Um texto muito interessante de alguém que admiro muito ;)
The world, for better or worse, is becoming more and more connected. Alliances and rivalries are ever more nuanced, based on a complex equation with multiple variables - political, economic, diplomatic, cultural, religious, ethnic, jurisdictional, etc - of random weights. The simplistic Maniqueism that permeated the international relations (Capitalism vs. Communism, good vs. evil) in the recent past is almost useless - and mostly dangerous - to the understanding of the current international context. In the contemporary world a leader needs a set of qualities related to sapience, empathy and diligence.
A leader has to be able to understand that each of those variables is related to a different balance of power. In this sense, there are many possibilities for the improvement of one's international profile and insertion, be it via hard or soft power policies. Likewise, given the complexity of the variables, a leader needs to acknowledge that changes on the overall balance occur gradually; besides, dramatics measures lead to unpredictable results, like how the weapons the United States gave to the Taliban to fight the communist are being used against the American soldiers.
The Taliban example is related to another quality that contemporary leaders should possess, extreme prudence regarding the use of force. As demonstrated by the seemingly endless Israeli-Palestinian conflict, violence generates violence. Nevertheless, the responsibility to protect is an international principle, which allowed, for instance, the recent incursion of a multinational peace force into Libya - to protect civilians from the ire of an autocratic regime. However, as the Brazilian leadership pointed out at the United Nations' General Assembly, in 2011, the collateral damage inflicted by that peace force ought to drive an international consideration about the responsibility while protecting.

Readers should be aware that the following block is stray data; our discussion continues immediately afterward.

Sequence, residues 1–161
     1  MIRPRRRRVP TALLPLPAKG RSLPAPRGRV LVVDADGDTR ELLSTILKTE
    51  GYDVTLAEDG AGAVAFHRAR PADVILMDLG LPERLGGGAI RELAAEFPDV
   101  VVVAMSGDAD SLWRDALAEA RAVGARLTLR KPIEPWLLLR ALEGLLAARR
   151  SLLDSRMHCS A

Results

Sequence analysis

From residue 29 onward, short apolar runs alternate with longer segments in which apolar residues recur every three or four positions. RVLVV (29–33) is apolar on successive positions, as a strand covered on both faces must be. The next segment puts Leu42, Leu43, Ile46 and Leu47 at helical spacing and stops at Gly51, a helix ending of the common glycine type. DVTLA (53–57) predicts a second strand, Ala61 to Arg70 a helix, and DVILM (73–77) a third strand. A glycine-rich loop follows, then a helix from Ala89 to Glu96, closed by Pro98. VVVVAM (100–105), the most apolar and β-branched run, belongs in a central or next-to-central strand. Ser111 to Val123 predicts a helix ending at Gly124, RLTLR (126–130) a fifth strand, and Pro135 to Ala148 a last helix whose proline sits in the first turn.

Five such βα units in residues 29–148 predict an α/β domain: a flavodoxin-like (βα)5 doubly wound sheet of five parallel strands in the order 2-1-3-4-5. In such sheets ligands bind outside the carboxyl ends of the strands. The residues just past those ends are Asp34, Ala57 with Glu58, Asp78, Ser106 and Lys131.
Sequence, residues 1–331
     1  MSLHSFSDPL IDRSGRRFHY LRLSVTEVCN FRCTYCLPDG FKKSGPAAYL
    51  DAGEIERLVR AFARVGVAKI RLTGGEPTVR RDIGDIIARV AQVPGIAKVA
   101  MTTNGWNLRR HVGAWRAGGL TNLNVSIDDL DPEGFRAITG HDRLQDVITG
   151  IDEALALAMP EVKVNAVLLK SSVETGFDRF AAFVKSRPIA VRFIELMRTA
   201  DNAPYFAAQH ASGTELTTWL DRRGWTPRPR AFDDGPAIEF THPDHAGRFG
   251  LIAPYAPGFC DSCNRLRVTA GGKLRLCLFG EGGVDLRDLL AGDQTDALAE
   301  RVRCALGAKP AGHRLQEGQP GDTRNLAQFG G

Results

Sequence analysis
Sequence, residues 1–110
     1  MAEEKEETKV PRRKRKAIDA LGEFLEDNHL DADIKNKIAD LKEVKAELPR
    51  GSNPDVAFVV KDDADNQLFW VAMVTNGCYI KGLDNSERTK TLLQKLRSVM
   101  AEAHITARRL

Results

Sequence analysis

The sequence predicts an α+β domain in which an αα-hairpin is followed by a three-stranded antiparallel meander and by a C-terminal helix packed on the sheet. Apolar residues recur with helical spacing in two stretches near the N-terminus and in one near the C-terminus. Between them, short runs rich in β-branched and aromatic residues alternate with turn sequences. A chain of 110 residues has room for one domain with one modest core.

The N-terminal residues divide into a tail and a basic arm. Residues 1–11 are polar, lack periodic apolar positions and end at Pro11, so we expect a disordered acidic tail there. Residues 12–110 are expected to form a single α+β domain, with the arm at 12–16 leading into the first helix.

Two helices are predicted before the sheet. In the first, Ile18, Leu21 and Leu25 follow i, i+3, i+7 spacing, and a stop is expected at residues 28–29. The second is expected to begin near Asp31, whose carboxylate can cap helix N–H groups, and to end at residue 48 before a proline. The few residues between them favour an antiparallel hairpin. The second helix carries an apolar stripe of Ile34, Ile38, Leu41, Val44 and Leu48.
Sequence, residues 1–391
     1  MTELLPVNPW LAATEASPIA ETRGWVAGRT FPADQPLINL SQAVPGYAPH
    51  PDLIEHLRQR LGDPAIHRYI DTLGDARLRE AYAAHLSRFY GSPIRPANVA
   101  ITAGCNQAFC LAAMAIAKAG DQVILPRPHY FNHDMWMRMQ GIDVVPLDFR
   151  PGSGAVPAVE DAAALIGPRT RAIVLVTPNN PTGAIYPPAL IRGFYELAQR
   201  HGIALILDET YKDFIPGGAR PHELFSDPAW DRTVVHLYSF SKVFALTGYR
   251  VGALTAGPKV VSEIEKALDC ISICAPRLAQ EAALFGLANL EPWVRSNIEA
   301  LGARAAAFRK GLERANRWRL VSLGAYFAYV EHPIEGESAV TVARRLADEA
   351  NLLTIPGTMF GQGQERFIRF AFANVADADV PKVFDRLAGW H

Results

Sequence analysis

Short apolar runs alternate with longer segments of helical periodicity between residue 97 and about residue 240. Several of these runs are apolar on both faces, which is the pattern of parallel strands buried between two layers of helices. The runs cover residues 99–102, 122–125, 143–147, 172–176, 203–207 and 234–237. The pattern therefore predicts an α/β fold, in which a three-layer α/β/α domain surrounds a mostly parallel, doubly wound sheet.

Disposition to compromise in order to achieve a satisfactory solution in another quality that a leader should display. Condemnation and accusation, while being somewhat morally rewarding, are not effective means of changing one's behavior; as the economic theory proclaims, incentives are especially useful. Besides, compromise is not to be mistaken for appeasement; the goal is to improve one's behavior, not to ignore it. A leader should know that nothing constructive can be gained by refusing to negotiate because of some objectionable aspect of its counterpart.
In such a complex world there are no easy solutions. In this sense, a leader should be capable of grasping the overall intricacy of an issue and assessing the related variables. Also, a leader needs to be keen to help the needy but overly cautions regarding the use of force. Last but not least, a leader must be diligent in its will to negotiate and not give in to the Maniqueist mentality.